Once you start receiving letters from all the colleges you’ve applied to, you will find that the first sentence or two is all that you’re really interested in reading at first. If you weren’t accepted, then there’s really nothing else that you need to read. However, if you were accepted, then you’re going to have to read the rest of your acceptance letter very carefully once you get over all the excitement. The most important part of the letter will be the information pertaining to your financial aid award. You need to have a very clear idea of what your award includes and what it doesn’t include so that you know whether or not you can still afford to accept the offer. Here is how to understand and review financial aid letters.
Learn All the Acronyms
When you start reading through your financial aid packet you’re going to notice a lot of acronyms that are probably unfamiliar to you. By this point you should definitely know FAFSA, but what about COA, SAR and EFC? These acronyms should be explained to you in the packet, but knowing what the letters stand for is very different from understanding what they mean. One of the most important is COA – that means Cost of Attendance. This is the total annual cost of attending the school without any kind of financial aid.
Analyze the Breakdown
Your packet will include a detailed breakdown of where all of your funds will be coming from. You will see how much will be coming from federal student loans, scholarships, grants, work-study and your EFC – that’s your expected family contribution. If you weren’t expecting to do any work-study or you don’t think that your family should be expected to contribute to your tuition, then you should think again. Almost all students who are on scholarship still need to work a bit on campus in exchange for their financial aid, and very few have an absolutely full ride scholarship.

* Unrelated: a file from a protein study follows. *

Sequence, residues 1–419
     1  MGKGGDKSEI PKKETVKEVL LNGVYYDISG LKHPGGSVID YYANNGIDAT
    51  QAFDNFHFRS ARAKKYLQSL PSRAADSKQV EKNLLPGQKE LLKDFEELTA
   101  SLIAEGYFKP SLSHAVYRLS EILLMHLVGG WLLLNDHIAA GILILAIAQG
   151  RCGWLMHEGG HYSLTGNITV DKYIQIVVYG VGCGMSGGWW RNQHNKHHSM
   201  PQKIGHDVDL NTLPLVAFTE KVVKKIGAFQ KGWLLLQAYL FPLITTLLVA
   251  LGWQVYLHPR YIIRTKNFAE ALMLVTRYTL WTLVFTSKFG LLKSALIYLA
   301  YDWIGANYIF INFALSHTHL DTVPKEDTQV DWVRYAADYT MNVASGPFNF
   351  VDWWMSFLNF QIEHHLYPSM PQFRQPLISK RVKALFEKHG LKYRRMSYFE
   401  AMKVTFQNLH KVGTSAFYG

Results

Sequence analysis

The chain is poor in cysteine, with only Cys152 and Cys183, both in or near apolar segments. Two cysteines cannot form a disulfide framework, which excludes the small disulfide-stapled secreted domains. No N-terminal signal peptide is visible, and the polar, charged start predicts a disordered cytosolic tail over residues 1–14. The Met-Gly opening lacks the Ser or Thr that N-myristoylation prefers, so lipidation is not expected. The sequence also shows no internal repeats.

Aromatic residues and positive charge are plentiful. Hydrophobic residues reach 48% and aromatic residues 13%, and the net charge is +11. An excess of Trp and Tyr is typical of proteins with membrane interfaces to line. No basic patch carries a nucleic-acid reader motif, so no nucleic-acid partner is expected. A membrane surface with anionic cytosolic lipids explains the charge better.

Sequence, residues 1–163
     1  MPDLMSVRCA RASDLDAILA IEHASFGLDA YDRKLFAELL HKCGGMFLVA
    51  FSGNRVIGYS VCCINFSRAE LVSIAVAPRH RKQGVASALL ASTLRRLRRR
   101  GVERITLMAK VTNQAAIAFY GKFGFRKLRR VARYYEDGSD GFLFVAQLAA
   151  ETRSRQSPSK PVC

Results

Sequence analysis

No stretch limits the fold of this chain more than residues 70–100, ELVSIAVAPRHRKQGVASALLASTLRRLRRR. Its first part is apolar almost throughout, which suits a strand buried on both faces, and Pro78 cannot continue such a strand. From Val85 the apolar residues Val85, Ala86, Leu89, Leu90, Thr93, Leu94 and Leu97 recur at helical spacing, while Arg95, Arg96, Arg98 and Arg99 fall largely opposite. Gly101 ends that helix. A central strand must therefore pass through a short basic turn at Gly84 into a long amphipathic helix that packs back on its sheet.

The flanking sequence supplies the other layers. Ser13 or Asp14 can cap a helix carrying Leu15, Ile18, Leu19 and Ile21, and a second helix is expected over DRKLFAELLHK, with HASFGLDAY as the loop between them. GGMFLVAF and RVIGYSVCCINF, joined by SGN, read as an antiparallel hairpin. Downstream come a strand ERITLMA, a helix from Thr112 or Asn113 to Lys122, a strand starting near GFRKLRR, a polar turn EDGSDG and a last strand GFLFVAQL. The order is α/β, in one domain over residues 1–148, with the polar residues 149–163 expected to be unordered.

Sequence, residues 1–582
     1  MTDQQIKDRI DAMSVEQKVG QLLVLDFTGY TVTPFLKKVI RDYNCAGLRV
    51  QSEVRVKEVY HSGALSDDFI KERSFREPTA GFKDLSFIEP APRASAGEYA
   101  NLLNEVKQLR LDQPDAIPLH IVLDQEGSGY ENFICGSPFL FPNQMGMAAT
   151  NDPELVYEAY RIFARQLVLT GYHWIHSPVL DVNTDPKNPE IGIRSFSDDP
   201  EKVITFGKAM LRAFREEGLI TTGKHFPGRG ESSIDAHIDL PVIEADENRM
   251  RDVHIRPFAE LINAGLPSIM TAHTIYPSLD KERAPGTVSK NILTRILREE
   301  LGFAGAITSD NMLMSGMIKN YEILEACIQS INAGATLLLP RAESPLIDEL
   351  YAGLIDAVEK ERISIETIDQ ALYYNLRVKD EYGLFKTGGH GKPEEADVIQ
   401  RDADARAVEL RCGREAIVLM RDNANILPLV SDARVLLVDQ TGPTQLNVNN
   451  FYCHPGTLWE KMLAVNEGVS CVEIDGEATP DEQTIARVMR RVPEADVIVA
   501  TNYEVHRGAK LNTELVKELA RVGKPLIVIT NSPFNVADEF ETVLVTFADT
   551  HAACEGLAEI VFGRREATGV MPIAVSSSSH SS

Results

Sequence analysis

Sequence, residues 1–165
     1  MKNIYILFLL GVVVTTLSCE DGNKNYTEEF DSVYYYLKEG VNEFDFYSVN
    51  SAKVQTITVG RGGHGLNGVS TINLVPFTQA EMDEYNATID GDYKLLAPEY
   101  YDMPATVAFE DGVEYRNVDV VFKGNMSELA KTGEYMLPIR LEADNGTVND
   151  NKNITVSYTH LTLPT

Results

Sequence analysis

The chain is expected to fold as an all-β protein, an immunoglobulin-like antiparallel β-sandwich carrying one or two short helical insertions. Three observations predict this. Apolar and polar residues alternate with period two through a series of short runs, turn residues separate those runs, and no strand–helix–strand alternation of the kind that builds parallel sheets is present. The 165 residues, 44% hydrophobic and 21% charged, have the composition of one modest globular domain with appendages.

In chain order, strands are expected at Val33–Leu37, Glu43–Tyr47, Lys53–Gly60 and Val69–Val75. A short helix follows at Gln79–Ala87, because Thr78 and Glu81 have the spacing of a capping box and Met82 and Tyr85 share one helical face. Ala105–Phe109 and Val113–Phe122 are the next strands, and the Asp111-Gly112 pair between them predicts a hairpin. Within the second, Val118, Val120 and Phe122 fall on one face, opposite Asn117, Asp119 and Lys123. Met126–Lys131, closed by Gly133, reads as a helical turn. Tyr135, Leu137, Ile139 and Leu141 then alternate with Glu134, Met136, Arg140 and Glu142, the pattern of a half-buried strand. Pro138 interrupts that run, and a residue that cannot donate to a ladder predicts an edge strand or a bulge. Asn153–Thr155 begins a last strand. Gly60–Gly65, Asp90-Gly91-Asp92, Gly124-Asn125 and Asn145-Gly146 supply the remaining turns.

Look into Suggested Sources for Your Contribution if Necessary
If your expected financial contribution is going to be a hardship, then you are going to need to look into student loans, or you may qualify for private grants. Most colleges, like Pepperdine University, will include some suggestions for where to look when you are searching for more financial aid to pay off your EFC.
Find Out if You Can Appeal the Amount of Your Award
The other option you can look into if your financial aid doesn’t seem sufficient is appealing your award. Most colleges have an appellate program that will allow you to make your case and explain why you deserve more assistance than they initially offered. There’s no guarantee that the school will be able to satisfy your request, but it’s definitely a possibility worth looking into. You will usually need to schedule a phone call and follow up with a formal email. You should know within a month or two whether or not your appeal will be granted.